The Soviets "knew" where the Germans would attack during 1943....it was obvious even to a schoolchild that the bulge at Kursk was as tempting as a store full of candy to a kid. What if the Germans had not taken the "bait" and had, instead, attacked way north or south of the Kursk bulge with the intent of driving deep into the Soviet rear areas and destroying the Soviet reserves in their staging areas before they could be committed to battle?
    Lastly, the poor use of air support by the Germans and Soviets. The Germans had insufficient air units available to provide support to all the German attacks....they had to pick and choose where they could support, so not all units got the benefit of air support. The Soviets were just beginning on the upward curve of learning how to employ aircraft in a combined arms force that employed ground attack aircraft, tanks, artillery, and infantry to stop, penetrate, exploit, and destroy German units. The Germans were unprepared for this "new" tactic by the Soviets.
    So.....the question is......what, if anything, could the Germans have done differently at Kursk to have gotten a more positive end result? And, was a more positive result even a possibility given all the difficulties surrounding Citadel? Thoughts?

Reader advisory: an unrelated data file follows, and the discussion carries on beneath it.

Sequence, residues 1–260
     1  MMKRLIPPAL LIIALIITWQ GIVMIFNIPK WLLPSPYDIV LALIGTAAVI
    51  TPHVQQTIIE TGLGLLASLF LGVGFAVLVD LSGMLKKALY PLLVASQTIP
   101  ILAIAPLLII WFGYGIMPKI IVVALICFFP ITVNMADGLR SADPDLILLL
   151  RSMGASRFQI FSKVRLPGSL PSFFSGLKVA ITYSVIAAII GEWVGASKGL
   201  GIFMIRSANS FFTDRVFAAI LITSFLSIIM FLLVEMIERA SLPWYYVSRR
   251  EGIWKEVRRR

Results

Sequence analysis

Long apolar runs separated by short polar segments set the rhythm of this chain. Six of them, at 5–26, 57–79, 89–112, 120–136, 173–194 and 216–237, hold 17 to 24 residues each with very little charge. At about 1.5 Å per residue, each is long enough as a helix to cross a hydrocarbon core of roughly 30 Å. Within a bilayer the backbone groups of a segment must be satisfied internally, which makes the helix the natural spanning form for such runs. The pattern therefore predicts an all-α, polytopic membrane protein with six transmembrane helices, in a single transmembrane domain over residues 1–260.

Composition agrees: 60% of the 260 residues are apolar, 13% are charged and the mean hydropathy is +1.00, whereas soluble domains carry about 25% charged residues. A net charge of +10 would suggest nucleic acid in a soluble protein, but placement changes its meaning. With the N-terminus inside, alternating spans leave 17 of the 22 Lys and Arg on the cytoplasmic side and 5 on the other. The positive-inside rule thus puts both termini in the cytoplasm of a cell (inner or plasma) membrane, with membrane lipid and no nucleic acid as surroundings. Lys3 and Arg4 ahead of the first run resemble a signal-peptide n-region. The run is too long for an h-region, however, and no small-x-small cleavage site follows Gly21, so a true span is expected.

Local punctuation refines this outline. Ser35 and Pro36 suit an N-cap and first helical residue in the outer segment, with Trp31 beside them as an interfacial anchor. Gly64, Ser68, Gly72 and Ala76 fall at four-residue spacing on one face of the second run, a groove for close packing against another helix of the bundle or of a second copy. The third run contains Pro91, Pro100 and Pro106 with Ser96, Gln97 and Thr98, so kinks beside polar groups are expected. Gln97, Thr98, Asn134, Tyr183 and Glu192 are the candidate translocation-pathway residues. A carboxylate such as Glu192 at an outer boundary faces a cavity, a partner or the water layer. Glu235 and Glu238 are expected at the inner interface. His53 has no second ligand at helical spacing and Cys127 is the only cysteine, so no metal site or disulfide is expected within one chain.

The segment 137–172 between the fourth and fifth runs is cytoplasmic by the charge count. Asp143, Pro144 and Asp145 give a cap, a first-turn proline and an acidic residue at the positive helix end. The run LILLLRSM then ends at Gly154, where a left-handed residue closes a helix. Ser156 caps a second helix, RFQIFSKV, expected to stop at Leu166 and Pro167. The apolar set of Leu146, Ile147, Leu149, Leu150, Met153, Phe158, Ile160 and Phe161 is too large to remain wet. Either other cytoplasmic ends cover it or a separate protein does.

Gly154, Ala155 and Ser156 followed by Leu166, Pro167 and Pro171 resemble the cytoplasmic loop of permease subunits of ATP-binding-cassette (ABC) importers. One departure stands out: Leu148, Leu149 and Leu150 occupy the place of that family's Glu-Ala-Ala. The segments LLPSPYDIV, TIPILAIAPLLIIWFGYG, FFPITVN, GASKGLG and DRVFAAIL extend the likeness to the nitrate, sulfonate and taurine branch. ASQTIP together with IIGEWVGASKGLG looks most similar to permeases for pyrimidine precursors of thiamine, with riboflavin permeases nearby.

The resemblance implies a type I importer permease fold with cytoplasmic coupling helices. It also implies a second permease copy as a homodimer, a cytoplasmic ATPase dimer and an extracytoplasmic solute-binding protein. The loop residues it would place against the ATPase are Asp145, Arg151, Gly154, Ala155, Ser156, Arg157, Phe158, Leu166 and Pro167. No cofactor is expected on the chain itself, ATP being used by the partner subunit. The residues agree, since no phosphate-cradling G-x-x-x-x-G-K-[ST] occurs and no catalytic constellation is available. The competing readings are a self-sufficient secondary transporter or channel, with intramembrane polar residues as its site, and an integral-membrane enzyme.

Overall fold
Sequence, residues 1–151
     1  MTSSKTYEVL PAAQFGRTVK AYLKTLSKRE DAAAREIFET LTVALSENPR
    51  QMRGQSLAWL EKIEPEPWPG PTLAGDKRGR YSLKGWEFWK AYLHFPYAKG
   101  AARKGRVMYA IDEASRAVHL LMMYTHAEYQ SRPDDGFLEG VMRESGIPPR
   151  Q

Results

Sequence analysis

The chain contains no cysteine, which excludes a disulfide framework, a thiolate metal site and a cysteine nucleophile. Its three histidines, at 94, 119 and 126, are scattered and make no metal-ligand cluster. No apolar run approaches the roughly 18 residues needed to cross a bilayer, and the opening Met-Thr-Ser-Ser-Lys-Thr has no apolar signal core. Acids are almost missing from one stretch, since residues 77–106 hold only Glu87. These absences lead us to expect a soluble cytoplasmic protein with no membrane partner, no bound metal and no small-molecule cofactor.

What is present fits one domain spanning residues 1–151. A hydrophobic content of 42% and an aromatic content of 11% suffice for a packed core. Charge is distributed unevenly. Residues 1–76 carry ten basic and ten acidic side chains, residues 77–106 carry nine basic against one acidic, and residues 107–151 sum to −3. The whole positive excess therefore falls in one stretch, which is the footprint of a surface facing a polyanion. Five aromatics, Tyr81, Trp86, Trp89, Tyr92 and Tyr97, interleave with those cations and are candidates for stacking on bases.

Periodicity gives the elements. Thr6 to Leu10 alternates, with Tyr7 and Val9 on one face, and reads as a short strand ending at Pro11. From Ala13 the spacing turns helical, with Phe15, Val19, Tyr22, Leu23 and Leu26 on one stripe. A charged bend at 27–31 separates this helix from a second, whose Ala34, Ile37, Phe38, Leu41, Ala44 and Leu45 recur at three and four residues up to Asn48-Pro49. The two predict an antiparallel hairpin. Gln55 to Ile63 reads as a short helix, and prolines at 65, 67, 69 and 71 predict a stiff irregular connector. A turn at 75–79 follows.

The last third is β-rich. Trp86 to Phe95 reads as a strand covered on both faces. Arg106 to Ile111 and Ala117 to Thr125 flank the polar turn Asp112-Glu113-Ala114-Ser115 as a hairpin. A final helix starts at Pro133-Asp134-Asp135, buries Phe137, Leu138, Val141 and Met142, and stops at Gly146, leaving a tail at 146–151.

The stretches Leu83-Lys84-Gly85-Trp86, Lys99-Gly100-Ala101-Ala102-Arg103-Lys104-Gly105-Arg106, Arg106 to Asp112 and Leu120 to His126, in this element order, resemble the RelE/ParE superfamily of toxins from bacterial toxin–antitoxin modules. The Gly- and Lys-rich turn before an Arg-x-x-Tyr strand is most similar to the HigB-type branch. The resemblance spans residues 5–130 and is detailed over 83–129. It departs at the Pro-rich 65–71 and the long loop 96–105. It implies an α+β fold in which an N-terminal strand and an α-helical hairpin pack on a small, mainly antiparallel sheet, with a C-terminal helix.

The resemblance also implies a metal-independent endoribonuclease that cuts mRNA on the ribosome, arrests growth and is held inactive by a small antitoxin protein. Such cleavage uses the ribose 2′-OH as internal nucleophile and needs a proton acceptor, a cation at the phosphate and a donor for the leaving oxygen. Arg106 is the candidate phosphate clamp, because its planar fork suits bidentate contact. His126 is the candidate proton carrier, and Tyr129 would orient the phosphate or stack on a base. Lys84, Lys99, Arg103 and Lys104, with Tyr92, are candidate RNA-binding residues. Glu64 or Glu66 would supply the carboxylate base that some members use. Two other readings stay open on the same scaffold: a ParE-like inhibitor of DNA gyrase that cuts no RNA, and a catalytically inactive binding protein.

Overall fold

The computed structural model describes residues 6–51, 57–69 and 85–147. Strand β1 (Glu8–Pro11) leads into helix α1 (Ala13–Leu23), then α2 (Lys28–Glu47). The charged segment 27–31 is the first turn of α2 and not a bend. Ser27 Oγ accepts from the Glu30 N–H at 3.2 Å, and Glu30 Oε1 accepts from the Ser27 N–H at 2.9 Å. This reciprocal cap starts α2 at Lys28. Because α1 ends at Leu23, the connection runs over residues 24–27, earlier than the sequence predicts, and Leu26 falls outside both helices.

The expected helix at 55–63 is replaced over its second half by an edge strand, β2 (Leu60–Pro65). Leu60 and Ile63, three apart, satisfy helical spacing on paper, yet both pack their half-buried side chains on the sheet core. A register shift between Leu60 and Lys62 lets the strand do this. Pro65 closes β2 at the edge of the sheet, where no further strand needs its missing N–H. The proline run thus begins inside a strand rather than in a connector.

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  2. Yuri0352

    Yuri0352 Active Member Silver Supporting Member

    912
    Nov 21, 2014
    25-30 Hexes
    Out of curiosity,which 'Kursk' book/author are you referring to?
     
  3. Paul M. Weir

    Paul M. Weir Well-Known Member

    Apr 3, 2004
    Dublin
    Oh dear! How much storage does GS have on hand for posts?

    The Germans started WW2 with insufficient resources for their war aims. Without Czechoslovakia Germany would have been bankrupted pre-war. Poland, Belgium, Holland and France provided some of the resources needed for the non-West part of its delusional dreams.

    The initial Barbarossa impulse relied upon a superior tactical and operational method of war and had success. The problem was that the sheer shock and momentum was a force in itself but once that momentum faded before Moscow the Germans were screwed. Whilst some actions, like Mikhail Katukov's 4th Tank Brigade under Dmitry Lelyushenko's 1st Guards Special Rifle Corps at Mtsensk are rightly celebrated, any such Soviet defensive success had the ability to fatally derail the German thrust. Fall Blau had the success it had in good part because the Soviets misinterpreted the strategic direction that the Germans were going to take in '42. Once the Germans had used up their 'surprises' or previously unexplored directions, they only had enough force to maintain a single operation in a year, if even that.